'No evidence' Barnsley Council 'is over interventionist' on child protection issue
An independent review into the way that Barnsley Council handles child protection cases has concluded, after a Sunday Times report alleged that the authority was “unnecessarily interventionist”.
The article alleged that the council “conducted more than the national average of child protection investigations into alleged physical abuse on babies during 2019/20”, according to a council report.
The report to cabinet states that the article: “concluded the Local Authority were unnecessarily interventionist in their approach.
“In addition, the article implied medical misdiagnosis and insensitive communication between social work staff and the family.”
Following the publication of the article, the Barnsley local safeguarding children partnership commissioned an early independent review to investigate the allegations.
The review was led by Pete Dwyer CBE a former director of children’s services at both City of York Council and North Yorkshire County Council, and the commissioner for children’s services at Wakefield MBC.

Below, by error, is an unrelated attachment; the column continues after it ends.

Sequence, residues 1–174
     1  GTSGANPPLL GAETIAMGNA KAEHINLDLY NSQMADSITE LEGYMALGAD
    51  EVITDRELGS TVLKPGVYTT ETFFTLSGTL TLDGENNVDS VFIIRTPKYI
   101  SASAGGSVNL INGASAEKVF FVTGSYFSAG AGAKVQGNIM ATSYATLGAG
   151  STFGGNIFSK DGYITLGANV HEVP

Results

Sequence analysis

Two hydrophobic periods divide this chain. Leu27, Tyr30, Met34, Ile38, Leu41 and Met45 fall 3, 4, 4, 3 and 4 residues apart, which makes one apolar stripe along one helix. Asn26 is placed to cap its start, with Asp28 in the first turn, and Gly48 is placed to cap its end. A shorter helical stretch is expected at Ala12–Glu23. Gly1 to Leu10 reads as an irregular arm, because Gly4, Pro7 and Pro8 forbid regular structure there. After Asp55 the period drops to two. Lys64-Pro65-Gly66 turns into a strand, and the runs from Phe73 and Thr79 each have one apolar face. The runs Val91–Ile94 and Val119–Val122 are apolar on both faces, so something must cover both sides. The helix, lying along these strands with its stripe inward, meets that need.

The review investigated how the council decides to initiate S47 investigations during 2019/20, the quality of the information obtained as part of the investigative process, and that if removing children from their parents was “always justified”.
The review concluded that there was “no evidence” that Barnsley Council “is a local authority that is over interventionist.”
“There appears a genuine desire to work with families,” it added.
Councillor Trevor Cave, cabinet spokesperson for children’s services at Barnsley Council, said: “As a local safeguarding children partnership, we are pleased with the outcomes from the independent review.
“It has reassured us that we correctly follow regulations while supporting families. We are always open and welcome opportunities to learn and improve.
“As corporate parents, we will always act in the best interest of children and families in the borough and safeguard children against harm.”